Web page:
The next stop on this train is … Hollywood?
Netflix crews took over a platform at South Station on Tuesday to film scenes for the star-studded movie “Don’t Look Up,” with A-listers Jennifer Lawrence (“The Hunger Games”) and Leonardo DiCaprio (“Titanic”) stopping by the Boston transportation hub shortly after noon.
Crews began setting up early in the morning, with filmmakers using an Acela train parked on Track 7 to film scenes for Adam McKay’s comedy about two low-level astronomers (Lawrence and DiCaprio) who must warn the world about a giant asteroid hurtling toward Earth.
Due to COVID protocols, South Station looked a bit different than a typical film set. Sanitation stations were set up in multiple locations, most crew members wore face shields, and there were separate bathrooms for what Netflix calls Red Zone personnel — actors who would be unmasked on set and the crew members who had to be near them.
The action started to pick up at around 10:45 a.m., when approximately 30 extras playing passengers were admitted in waves to the Acela train used for filming, with crews also loading plexiglass barriers on board beforehand.
Dozens of fans lined the platform entrance, with many waiting hours for a brief glimpse at any of the film’s many stars.
Besides DiCaprio and Lawrence, “Don’t Look Up” will feature Cate Blanchett (“Carol”), Meryl Streep (“The Iron Lady”), Rob Morgan (“Mudbound”), Jonah Hill (“The Wolf of Wall Street”), Timothée Chalamet (“Little Women”), Matthew Perry (“Friends”), Tomer Sisley (“We’re the Millers”), Himesh Patel (“Yesterday”), Tyler Perry (“Gone Girl”), Melanie Lynskey (“Togetherness”), and Ron Perlman (“Sons of Anarchy”), as well as singer Ariana Grande and rapper Kid Cudi.
While the majority of the crowd were college students, others were nearby office workers or neighborhood residents stopping by during a lunch break or a morning stroll. Numerous MBTA and Keolis employees were on hand as well, with one conductor who didn’t want her name used saying she was keeping an eye out for DiCaprio on her break.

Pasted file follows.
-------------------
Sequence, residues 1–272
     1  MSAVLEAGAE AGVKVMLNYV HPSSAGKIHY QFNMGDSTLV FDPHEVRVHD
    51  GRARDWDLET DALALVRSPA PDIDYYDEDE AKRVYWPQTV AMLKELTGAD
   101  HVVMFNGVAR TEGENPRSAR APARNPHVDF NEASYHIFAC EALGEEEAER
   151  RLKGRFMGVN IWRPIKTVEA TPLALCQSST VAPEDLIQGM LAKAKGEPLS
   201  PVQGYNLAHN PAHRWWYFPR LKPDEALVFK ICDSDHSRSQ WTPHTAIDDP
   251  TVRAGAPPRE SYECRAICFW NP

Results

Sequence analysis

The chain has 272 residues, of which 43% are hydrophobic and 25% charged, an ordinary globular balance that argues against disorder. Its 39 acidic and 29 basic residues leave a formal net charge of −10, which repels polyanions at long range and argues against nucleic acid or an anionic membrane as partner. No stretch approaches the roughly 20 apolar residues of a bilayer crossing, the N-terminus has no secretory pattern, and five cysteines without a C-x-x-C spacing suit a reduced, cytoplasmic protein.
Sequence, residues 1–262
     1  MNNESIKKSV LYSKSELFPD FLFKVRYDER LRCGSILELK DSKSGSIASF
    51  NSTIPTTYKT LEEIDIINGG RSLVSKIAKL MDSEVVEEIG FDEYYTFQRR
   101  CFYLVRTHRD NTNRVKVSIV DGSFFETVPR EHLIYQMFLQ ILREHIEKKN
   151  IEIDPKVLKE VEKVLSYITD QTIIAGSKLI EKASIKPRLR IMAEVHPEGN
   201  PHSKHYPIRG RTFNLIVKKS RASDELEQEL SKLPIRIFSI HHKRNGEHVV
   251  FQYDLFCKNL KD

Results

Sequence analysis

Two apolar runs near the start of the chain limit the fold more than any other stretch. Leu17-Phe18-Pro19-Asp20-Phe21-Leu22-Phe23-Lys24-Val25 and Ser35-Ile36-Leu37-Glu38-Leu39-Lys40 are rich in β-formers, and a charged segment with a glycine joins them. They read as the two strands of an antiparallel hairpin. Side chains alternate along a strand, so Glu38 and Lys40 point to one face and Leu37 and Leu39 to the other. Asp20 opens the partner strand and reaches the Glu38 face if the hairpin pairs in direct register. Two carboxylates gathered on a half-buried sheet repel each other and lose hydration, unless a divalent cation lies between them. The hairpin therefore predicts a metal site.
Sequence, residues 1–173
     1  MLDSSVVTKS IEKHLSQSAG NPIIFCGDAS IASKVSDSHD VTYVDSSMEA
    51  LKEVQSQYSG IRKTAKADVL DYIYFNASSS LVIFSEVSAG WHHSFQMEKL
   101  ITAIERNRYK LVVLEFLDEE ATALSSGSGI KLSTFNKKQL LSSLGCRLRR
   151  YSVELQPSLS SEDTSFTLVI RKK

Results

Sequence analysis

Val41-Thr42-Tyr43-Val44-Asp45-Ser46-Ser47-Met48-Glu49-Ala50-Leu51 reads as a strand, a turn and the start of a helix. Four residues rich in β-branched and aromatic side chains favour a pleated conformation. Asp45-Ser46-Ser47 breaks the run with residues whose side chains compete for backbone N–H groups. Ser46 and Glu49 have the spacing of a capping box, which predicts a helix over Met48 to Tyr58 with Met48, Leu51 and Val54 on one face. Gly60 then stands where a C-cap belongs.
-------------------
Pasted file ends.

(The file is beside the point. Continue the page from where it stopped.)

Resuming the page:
Mike and Sarah, a couple who live near the station, said they hoped to catch a glimpse of Grande before their morning Zoom meetings.
“I gotta log in soon unfortunately,” said Mike, who works at Liberty Mutual. “But it’s nice out, and I didn’t leave the house yesterday, so why not?”
Others were in it for the long haul. Cedar Kiyes, a student at UMass-Amherst, and her friend Saville woke up at 3:30 a.m. to drive from their homes in the Berkshires. They started their day by doing laps around the building before permanently parking themselves outside the automatic doors onto the train tracks.
“We’re really hoping to see Leo,” Kiyes said shortly before 10 a.m. “But if we see any of them, I’d be happy.”
By noon, the crowd had swelled in size, with fans hugging the wall near the doors to compare notes on vantage points and which other filming locations they should visit. Prior to Tuesday’s filming, “Don’t Look Up” shot additional scenes in downtown Boston, as well as Framingham and Salisbury. Most recently, the crew filmed at Wheaton College in Norton on Monday before the torrential rain, according to the Sun Chronicle.
Finally, at around 12:15 p.m., the crowd’s patience was rewarded. First came DiCaprio, clad in a beard and glasses, slowly strolling to awaiting crews on Track 7. As crowds craned their neck and lifted their phones to capture an image of the retreating DiCaprio, Lawrence followed shortly after, with crew members attempting to shield the star with umbrellas. The actress sported a mustard yellow sweater and bright red hair, as well as a face shield.
The two stars were out of sight in less than a minute. But many in the crowd were happy with whatever they could get.
“It was definitely worth it,” Saville said. “I feel like this is mission accomplished.”
Averil Carmine, a stay-at-home mom who stopped by with her dog Lacy after getting a note about filming left on her South Street residence, was a little more grounded about the whole experience.
“Getting older, it loses some of its appeal,” Carmine said. “You realize they’re people just like us, but with different jobs.”
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